Consumers and businesses will today begin to feel the real pain of Budget 2009, which will continue to be debated by TDs in the Dáil and Seanad.
The Government is likely to suffer the biggest backlash over the 1% income levy on all salaries under €100,100 and the withdrawal of automatic medical cards for over-70s.
An unexpected 10% pay cut by senior and junior ministers failed to take the sting out of the toughest Budget in two decades.
Finance Minister Brian Lenihan will attend today’s debate in the Dáil before leaving for the European Council summit in Brussels.
Opposition parties have accused Mr Lenihan of imposing wildly indiscriminate taxes and of hitting middle-income families the hardest.
But the Government insisted that tough measures were required to stabilise public finances and steer the country from recession towards economic recovery.
There was no expected redundancy package for the public service but Mr Lenihan said a cost-cutting plan may be introduced in coming months.
Government duty hikes on cigarettes, wine and petrol have already come into force.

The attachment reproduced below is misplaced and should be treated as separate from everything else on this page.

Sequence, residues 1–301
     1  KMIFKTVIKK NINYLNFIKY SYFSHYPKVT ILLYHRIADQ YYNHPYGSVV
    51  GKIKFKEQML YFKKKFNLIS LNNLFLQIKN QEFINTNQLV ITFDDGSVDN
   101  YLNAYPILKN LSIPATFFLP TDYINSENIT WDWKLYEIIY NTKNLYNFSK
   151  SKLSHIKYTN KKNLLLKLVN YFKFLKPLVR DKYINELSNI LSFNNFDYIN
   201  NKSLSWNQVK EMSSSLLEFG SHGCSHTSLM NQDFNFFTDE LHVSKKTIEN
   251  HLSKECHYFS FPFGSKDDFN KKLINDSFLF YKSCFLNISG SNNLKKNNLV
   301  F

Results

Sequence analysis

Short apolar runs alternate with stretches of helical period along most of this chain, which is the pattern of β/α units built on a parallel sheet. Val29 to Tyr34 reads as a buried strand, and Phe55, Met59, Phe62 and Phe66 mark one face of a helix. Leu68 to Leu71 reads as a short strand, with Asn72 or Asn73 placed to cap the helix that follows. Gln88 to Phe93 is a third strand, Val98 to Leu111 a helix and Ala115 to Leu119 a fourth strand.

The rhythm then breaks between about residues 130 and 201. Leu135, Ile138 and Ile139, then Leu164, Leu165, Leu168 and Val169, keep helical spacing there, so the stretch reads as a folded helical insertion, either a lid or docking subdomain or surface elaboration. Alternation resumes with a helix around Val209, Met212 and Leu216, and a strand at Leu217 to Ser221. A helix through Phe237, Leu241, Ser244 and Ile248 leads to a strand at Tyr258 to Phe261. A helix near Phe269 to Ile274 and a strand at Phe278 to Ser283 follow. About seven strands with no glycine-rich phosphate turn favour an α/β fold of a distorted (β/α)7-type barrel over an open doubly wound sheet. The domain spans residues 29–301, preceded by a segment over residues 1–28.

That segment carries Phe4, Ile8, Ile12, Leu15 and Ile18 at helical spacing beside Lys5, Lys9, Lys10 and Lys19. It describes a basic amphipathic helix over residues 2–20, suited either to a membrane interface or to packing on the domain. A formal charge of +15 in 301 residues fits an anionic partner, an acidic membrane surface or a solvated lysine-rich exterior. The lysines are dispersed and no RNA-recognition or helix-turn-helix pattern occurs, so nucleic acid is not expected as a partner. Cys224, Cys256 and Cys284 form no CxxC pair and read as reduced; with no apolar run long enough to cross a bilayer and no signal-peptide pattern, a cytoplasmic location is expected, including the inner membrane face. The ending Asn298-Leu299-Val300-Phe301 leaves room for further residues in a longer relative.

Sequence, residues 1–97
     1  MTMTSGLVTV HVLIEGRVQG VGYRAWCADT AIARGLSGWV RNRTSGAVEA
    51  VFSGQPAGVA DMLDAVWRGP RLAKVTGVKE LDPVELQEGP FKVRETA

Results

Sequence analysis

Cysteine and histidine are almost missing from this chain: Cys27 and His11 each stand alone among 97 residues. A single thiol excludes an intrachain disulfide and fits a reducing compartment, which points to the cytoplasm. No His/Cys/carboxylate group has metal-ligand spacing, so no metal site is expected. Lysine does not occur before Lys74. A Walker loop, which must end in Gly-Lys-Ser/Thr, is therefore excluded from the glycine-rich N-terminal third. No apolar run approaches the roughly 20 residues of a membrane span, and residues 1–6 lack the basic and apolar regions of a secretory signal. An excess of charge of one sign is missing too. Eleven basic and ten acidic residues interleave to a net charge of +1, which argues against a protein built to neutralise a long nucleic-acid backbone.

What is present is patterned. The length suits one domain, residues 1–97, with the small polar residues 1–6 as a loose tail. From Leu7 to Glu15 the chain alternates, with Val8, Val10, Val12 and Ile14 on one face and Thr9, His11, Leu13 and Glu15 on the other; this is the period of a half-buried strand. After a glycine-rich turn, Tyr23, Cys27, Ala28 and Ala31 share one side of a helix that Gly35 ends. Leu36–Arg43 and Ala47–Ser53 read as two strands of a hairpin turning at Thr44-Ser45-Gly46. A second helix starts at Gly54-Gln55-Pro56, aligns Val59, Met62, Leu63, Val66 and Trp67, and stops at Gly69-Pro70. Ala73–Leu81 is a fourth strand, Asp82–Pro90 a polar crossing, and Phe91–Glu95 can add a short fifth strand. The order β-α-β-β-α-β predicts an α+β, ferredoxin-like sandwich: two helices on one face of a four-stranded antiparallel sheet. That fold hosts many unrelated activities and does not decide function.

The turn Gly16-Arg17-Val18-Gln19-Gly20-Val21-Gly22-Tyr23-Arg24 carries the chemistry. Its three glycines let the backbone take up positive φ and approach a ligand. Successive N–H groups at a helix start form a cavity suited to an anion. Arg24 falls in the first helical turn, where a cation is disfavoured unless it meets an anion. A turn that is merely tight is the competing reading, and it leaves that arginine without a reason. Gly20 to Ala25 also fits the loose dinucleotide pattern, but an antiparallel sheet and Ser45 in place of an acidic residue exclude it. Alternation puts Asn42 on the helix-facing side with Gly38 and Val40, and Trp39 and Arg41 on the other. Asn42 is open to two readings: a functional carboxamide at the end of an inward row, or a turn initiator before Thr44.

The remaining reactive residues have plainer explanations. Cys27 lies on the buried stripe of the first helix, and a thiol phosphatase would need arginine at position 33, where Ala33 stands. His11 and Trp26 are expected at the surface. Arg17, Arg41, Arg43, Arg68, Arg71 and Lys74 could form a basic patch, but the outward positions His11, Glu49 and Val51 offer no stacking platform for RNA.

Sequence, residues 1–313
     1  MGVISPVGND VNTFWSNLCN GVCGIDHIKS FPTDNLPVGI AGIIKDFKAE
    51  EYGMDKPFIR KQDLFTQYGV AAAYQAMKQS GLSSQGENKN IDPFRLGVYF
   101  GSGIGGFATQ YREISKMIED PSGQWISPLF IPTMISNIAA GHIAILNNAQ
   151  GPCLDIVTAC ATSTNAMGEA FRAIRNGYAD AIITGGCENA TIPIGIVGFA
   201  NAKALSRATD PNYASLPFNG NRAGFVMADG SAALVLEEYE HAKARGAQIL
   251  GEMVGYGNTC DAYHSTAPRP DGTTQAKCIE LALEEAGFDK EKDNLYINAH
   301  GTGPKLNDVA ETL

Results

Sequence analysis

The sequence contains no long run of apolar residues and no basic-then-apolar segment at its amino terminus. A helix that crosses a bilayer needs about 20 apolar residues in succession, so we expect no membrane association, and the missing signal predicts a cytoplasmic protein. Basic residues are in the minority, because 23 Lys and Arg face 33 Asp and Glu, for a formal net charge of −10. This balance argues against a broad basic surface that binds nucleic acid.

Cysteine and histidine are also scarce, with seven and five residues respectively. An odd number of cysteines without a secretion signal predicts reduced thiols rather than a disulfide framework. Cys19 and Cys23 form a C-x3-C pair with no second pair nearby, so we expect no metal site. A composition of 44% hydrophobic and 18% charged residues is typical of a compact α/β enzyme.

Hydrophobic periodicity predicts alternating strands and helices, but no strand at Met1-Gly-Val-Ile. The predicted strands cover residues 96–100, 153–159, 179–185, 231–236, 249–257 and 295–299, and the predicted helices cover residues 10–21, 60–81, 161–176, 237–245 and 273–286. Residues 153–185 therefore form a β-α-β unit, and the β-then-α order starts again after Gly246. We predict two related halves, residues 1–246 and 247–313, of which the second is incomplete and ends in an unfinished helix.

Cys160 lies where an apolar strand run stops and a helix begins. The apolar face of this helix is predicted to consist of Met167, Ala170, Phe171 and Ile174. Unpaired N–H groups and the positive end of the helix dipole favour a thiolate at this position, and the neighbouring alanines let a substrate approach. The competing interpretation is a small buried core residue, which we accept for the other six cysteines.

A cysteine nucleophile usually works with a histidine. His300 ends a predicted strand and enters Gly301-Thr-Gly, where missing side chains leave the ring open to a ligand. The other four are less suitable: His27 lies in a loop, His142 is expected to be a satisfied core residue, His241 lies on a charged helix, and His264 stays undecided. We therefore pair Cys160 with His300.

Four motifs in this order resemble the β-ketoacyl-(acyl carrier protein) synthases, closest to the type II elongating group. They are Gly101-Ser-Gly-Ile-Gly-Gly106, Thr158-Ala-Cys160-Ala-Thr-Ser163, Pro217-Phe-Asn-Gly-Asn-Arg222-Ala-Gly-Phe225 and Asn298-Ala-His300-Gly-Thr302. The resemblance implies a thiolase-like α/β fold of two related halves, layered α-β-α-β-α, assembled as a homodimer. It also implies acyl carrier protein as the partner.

Increases in motor tax apply from January 1 while the €10 airport departure tax comes into effect on March 30.
To promote enterprise in the Budget, the Government increased tax credits for R&D and introduced three-year tax exemptions for start-up firms.
Among the green measures, tax relief was provided to clean up polluted sites while commuters were encouraged to cycle to work.
Up to 41 state agencies were axed or merged and the remainder of the troubled decentralisation plan was deferred until 2011.
In his Budget forecast for 2009, Mr Lenihan predicted 7.3% unemployment and inflation to average out at 2.5%.